the lower two ECN.

              flowlabel VAL_MASK_32
                     IPv6 only. Match the Flow Label field's value. Note
                     that Flow Label itself is only 20bytes long, which
                     are the least significant ones here. The remaining
                     upper 12bytes match Version and Traffic Class

       tcp TCPUDP
       udp TCPUDP
              Match fields of next header of protocol TCP or UDP. The
              possible values for TCPDUP are:

              src VAL_MASK_16
                     Match on Source Port field value.

              dst VALMASK_16
                     Match on Destination Port field value.

       icmp ICMP
              Match fields of next header of protocol ICMP. The possible
              values for ICMP are:

              type VAL_MASK_8
                     Match on ICMP Type field.

              code VAL_MASK_8
                     Match on ICMP Code field.

       mark VAL_MASK_32
              Match on netfilter fwmark value.

       ether ETHER
              Match on ethernet header fields. Possible values for ETHER

              src ether_address AT
              dst ether_address AT
                     Match on source or destination ethernet address.
                     This is dangerous: It assumes an ethernet header is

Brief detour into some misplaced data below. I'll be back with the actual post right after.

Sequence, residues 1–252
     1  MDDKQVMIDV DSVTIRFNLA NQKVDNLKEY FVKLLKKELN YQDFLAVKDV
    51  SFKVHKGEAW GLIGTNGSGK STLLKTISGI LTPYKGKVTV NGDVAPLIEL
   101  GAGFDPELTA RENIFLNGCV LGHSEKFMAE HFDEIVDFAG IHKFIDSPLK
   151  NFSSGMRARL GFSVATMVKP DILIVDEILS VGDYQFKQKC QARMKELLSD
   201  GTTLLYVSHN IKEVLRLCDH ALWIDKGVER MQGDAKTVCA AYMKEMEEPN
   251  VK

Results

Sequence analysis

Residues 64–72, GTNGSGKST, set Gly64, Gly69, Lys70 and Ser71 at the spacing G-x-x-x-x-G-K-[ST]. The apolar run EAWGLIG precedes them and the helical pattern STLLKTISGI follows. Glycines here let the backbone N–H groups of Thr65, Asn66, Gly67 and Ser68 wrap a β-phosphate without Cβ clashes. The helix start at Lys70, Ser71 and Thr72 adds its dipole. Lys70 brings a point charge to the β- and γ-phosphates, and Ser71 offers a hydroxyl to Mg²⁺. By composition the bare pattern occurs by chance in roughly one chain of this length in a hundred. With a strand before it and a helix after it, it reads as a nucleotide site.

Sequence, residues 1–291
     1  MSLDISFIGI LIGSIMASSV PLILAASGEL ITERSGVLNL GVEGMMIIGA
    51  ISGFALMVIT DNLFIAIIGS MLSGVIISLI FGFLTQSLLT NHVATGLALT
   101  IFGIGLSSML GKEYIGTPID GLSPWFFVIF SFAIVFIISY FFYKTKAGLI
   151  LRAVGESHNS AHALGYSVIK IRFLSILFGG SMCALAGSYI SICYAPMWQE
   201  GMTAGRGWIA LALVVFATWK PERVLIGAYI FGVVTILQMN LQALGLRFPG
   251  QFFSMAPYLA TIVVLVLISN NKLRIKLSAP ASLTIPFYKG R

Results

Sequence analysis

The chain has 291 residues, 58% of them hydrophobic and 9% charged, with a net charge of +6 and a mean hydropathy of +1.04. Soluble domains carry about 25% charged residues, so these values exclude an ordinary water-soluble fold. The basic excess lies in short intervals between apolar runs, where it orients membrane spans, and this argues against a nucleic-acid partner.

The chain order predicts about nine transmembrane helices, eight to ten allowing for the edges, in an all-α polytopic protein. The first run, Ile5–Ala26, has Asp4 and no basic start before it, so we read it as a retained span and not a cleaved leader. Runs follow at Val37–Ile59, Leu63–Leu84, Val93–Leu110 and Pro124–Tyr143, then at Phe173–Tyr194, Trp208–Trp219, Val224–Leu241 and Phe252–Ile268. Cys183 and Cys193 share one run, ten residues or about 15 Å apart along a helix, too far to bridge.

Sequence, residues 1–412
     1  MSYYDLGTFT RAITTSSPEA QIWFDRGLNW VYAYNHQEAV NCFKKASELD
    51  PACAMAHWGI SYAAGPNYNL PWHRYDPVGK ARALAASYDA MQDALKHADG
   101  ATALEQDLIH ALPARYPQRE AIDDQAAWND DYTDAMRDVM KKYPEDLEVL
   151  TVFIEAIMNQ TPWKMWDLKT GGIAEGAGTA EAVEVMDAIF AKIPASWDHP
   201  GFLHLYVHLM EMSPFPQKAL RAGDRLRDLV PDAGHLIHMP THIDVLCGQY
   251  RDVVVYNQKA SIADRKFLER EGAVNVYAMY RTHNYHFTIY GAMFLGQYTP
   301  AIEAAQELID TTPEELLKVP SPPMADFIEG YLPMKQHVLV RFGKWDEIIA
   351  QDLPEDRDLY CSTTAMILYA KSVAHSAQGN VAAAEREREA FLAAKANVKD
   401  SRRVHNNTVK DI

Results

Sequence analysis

present at the start of the packet. This will
                     probably lead to unexpected things if used with
                     layer three interfaces like e.g. tun or ppp.

EXAMPLES         top

              tc filter add dev eth0 parent 999:0 prio 99 protocol ip u32 \
                      match ip src classid 1:1

       This attaches a filter to the qdisc identified by 999:0.  It's
       priority is 99, which affects in which order multiple filters
       attached to the same parent are consulted (the lower the
       earlier). The filter handles packets of protocol type ip, and
       matches if the IP header's source address is within the subnet. Matching packets are classified into class
       1.1.  The effect of this command might be surprising at first

              filter parent 1: protocol ip pref 99 u32
              filter parent 1: protocol ip pref 99 u32 \
                      fh 800: ht divisor 1
              filter parent 1: protocol ip pref 99 u32 \
                      fh 800::800 order 2048 key ht 800 bkt 0 flowid 1:1 \
                      match c0a80800/ffffff00 at 12

       So parent 1: is assigned a new u32 filter, which contains a hash